21 Feb 2024
Networking for young families
Family

Networking for young families

Families in Stockholm

There are many motivations that bring emigrants to Sweden. Some move here to be with a Swedish partner, others relocate for work or study. Many emigrate within the EU to join family already here and others are granted asylum. So within this landscape of Swedish society, we find a multitude of young international families, calling Sweden home.

With an emphasis on equality, Sweden has remained one of the most socially democratic places in the world. It is little wonder that Sweden is a very attractive society to live in. Not only do mothers receive paid maternity leave, but ‘pappa´s leave’ is just as widely used. This is rarely a reason for international families to move here, however it may just tip the balance in favor of the move when all things are considered. ‘85 percent of Swedish fathers take parental leave. As other countries still tinker with maternity leave and women’s rights, Sweden may be a glimpse of the future’.

‘As of 2010, 1.33 million people or 14.3% of the inhabitants in Sweden were foreign-born’, a number that continues to grow.  With this ever increasing number of immigrants living in Stockholm, we wanted to find out some of the community networks that are available to families growing up in the city.

We asked one family to share their experience of the journey so far …

A Family Profile

Breigh Mattson lives in Stockholm with her Swedish partner and their 2 year old daughter Mia.

Tell us a little about how your family came to live in Stockholm.

‘David, Mia and I moved from Copenhagen to Stockholm in May last year. Before that we were living in Cheshire, England. We were ready for a new challenge, and to explore other parts of the world. Then David was offered a permanent position with a leading provider of airline catering, having the option to stay working in Copenhagen or move to Stockholm … we naturally chose Sweden’.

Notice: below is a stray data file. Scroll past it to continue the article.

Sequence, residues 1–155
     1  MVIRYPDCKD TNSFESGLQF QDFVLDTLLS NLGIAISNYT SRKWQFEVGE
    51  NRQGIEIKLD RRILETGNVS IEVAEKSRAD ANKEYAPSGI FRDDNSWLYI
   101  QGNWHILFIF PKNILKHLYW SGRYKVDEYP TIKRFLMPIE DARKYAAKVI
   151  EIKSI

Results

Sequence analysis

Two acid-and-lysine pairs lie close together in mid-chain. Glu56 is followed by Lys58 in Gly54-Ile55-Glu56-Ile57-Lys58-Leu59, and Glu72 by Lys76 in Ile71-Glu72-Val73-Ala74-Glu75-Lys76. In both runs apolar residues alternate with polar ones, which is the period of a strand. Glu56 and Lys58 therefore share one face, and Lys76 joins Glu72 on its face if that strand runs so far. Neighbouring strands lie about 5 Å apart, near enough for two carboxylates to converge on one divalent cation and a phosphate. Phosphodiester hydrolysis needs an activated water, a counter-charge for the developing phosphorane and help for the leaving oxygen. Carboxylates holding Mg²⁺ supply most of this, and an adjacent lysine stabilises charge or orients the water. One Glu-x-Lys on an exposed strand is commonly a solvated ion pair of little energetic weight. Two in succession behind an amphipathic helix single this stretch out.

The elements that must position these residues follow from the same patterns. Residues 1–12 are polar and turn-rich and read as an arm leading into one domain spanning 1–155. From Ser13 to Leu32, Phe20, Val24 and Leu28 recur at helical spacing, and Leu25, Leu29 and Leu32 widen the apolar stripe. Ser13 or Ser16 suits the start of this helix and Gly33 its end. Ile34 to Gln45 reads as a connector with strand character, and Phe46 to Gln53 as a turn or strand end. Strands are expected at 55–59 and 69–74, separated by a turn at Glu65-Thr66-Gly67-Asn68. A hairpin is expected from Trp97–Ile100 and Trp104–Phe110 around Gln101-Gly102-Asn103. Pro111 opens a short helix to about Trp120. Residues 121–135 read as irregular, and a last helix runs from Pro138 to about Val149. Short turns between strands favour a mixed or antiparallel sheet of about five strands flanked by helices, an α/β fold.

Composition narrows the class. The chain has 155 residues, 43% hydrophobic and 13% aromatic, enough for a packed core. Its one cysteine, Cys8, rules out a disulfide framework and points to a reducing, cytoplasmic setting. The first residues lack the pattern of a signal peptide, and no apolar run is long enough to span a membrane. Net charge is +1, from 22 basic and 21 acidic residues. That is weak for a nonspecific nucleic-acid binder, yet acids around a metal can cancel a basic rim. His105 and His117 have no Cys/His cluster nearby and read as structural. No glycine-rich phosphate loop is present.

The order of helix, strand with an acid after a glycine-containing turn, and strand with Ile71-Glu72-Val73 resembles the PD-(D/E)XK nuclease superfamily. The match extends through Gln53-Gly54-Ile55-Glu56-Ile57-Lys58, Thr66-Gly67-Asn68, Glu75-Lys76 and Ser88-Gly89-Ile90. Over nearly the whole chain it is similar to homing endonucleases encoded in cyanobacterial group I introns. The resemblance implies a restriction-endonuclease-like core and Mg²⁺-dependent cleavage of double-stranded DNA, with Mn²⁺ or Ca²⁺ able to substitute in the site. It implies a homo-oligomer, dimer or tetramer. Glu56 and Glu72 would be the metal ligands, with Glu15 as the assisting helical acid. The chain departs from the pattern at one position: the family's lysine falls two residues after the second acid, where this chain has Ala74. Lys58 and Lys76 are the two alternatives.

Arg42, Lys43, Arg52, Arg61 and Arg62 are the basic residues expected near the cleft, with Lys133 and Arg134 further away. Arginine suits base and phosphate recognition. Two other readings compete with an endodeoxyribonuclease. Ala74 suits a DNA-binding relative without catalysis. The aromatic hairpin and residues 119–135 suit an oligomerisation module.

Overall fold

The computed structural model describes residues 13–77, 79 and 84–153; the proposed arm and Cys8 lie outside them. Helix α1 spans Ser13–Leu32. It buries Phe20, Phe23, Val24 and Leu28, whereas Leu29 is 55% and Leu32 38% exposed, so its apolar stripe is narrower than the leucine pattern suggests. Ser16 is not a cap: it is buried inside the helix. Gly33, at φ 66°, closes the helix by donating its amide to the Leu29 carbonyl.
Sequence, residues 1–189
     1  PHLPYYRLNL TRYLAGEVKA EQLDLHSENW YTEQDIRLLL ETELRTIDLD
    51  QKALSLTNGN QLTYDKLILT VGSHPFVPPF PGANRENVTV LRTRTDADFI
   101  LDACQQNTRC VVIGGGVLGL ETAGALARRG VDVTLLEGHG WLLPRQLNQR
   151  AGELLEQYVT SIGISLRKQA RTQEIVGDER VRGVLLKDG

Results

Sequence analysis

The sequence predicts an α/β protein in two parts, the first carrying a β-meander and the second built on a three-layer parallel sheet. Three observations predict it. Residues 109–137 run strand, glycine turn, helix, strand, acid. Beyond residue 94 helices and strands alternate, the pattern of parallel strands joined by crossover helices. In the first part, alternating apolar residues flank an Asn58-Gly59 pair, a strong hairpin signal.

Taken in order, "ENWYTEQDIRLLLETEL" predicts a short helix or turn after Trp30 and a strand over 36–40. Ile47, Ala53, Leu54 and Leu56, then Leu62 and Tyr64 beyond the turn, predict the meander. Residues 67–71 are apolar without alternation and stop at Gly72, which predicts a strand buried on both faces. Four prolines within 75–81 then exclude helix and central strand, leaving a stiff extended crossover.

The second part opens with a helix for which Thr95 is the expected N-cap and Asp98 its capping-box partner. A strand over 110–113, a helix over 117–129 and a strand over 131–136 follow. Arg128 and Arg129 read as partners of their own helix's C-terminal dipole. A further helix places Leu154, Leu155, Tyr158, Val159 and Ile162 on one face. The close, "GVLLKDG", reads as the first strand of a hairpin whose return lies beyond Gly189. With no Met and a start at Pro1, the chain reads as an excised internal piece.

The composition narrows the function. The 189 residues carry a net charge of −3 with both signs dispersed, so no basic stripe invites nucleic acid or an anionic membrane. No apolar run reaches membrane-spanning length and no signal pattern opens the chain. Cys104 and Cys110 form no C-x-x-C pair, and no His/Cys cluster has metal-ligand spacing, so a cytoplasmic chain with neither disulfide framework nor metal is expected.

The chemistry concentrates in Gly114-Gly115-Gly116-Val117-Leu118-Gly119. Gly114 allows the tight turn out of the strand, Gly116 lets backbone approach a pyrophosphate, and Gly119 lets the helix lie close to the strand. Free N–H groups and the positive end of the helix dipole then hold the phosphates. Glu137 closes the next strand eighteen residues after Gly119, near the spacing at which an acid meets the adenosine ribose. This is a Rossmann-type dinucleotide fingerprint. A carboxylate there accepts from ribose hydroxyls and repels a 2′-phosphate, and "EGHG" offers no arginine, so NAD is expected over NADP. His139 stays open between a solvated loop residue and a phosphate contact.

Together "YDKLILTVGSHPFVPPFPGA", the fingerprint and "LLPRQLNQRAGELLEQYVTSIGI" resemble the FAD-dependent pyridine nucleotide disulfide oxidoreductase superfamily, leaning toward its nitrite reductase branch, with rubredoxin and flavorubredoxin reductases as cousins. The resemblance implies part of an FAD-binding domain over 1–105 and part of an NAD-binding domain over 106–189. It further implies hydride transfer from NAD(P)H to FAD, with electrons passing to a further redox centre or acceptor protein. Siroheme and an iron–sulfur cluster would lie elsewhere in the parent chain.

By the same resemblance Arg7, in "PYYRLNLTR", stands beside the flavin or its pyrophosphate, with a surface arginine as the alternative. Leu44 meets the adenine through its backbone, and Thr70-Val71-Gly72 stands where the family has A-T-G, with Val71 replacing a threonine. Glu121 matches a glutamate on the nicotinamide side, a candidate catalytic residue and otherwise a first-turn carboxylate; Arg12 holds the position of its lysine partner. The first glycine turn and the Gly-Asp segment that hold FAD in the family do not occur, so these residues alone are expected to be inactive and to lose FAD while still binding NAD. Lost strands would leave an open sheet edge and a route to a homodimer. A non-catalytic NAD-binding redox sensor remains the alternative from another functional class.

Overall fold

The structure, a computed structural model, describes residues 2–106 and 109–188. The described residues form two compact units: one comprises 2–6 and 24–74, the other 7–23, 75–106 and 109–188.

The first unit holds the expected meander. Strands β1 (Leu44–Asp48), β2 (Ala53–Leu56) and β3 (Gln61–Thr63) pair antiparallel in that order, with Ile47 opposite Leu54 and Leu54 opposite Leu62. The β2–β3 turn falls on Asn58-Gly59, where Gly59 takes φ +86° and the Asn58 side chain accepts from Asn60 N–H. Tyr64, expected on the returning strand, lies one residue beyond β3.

What was your initial impression of the Swedish lifestyle?

We moved here in May, the weather was glorious and Stockholm is worlds apart from where we lived in the UK. The lifestyle is far healthier and we found ourselves outdoors much more than we previously were. It was a necessity to own a car in the UK but now we commute without this hassle. Public transport is so reliable and living in the city means we have everything at our doorstep. David began work straight away, so Mia and I were left to our own devices. The move happened very quickly and we got stuck into our new life straight away. I soon found the online forum (Mums in Sweden) and planned our first fika.’

Was it easy to find child-friendly activities in the city?

‘It’s very easy to occupy our time here with children, there’s many museums, open preschools, and parks. Also, most cafes and restaurants are very child friendly.’

Was it hard making new friends and networking?

‘I had, and still have, good and bad days. Some days I’d rather hide under the covers but that’s not possible with a child. I am naturally a little shy, so had it not been for the Meetup group, I think I would have struggled. You really have to be confident and put yourself out there in order to make new friends. I have found Swedes are quite reserved and you need to be acquaintances for quite some time before you are considered a friend. I have lived in other countries before, but that was prior to having Mia, and never for more than a couple of years . This move is more permanent. My priorities are my family now and not just myself.’

Tell us why you had the idea to start up a Meetup group and how it has helped you.

‘When Mia was only 18 months old, we lived in Copenhagen for 6 months. As a mother with a young child, I wanted to explore the city with others and not only alone. After googling for playgroups in Copenhagen, I joined a mummy Meetup group there. It was very successful and I made a lot of lovely friends. It made our time there as foreigners, easier and more enjoyable.